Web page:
To Have But Not to Hold: A History of Attitudes to Marriage and Divorce in Australia 1858-1975
An extraordinary revolution in family relationships took place in Australia between 1857 and 1976. Marriage changed from an institution to be preserved at almost any cost to a union of equal partners, to be dissolved when it had irretrievably broken down. A millennium of legal, social and religious practice was swept away in less than 120 years. Gender relations were transformed. Change, however, was not straightforward or consistent. The Commonwealth parliament did not act until 1959 and different reforms took place at different times in the Colonies and States. In To Have But Not To Hold, Henry Finlay recounts the transformation through the eyes of parliamentarians. Fierce and varied debates take place in which all shades of opinion are represented. Marriage is sacred. Marriage is an economic union. Marriage is a social contract. Women are dependent. Women are equal. Fault must be punished. Indissoluble marriage preserves the family and the foundations of society. Indissoluble marriage destroys people's lives. This book, by a leading scholar in family law, breaks new ground in its account of a fundamental change which underpins modern Australia's attitudes.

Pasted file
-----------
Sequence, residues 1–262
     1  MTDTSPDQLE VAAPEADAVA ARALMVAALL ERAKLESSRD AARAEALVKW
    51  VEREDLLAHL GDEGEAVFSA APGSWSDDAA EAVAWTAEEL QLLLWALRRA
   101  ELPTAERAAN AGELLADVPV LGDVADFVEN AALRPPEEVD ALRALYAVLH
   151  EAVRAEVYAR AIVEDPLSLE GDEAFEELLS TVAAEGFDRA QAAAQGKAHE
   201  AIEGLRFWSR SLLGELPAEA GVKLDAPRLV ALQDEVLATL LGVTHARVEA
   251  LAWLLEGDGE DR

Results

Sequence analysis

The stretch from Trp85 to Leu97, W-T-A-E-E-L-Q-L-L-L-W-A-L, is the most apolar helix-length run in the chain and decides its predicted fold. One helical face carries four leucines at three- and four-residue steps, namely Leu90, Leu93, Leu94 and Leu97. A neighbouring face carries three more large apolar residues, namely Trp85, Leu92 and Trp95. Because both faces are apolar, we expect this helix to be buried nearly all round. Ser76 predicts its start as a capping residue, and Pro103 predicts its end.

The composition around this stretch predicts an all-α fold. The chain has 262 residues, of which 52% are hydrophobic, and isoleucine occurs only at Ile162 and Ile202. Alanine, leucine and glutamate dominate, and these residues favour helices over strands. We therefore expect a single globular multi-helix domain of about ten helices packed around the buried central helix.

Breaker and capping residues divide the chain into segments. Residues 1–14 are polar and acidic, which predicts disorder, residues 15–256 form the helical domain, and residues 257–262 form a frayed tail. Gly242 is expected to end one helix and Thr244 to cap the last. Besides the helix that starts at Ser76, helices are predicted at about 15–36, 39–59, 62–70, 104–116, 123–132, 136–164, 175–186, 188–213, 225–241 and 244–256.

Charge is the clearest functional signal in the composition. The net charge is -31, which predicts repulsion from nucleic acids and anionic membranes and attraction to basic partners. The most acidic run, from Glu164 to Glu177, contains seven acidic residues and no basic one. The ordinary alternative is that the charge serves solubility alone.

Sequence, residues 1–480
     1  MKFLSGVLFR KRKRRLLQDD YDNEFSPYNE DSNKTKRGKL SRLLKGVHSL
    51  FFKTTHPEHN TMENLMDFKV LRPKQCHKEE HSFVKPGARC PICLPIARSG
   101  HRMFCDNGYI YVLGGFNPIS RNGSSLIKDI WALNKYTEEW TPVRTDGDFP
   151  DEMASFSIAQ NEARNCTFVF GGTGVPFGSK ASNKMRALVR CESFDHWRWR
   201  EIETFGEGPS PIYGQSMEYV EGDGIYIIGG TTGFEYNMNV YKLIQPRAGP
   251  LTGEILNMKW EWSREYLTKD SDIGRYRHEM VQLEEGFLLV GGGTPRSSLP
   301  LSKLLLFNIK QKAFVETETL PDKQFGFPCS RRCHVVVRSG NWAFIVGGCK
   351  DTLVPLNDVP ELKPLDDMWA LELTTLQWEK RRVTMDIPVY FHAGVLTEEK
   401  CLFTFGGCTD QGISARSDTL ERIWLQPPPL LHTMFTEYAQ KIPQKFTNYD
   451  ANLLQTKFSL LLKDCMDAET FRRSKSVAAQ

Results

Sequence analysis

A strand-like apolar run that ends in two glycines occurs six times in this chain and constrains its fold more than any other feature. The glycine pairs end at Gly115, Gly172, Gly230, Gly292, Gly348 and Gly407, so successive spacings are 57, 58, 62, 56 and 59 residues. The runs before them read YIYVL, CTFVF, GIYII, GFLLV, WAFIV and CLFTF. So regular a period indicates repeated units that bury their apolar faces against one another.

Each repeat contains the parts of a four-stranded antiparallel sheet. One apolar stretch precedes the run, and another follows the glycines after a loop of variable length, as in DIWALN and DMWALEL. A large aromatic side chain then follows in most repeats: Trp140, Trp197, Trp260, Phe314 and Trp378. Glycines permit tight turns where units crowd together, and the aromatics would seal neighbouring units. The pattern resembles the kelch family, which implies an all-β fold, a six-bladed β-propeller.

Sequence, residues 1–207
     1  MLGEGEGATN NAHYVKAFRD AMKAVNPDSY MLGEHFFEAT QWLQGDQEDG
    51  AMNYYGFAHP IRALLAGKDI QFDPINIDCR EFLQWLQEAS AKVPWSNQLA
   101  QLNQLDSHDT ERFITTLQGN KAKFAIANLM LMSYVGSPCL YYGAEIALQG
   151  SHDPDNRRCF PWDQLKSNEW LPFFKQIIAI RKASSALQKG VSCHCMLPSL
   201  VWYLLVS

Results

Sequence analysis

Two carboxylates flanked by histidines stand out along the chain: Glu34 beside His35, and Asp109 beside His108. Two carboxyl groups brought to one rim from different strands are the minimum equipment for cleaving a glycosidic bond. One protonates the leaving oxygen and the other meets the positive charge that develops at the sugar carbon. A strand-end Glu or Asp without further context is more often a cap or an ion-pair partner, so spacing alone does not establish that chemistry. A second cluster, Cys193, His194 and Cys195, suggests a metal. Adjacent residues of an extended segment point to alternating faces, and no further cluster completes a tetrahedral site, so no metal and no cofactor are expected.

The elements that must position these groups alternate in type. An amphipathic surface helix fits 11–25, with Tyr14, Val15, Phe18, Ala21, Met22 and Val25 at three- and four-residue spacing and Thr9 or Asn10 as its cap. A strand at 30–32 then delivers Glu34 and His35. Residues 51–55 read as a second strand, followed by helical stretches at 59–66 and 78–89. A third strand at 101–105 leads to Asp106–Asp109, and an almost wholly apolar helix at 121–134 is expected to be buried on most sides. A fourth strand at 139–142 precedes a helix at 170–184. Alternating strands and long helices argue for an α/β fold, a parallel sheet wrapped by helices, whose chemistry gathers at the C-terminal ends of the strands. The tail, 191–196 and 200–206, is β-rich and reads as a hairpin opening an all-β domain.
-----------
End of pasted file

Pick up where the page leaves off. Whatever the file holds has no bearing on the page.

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Reception of Divorce in the Australian Colonies
The Smaller States
The Commonwealth Becomes Involved
The Commonwealth Takes Over
A Matter of Family Law
Some Conclusions and a Forward Glimpse
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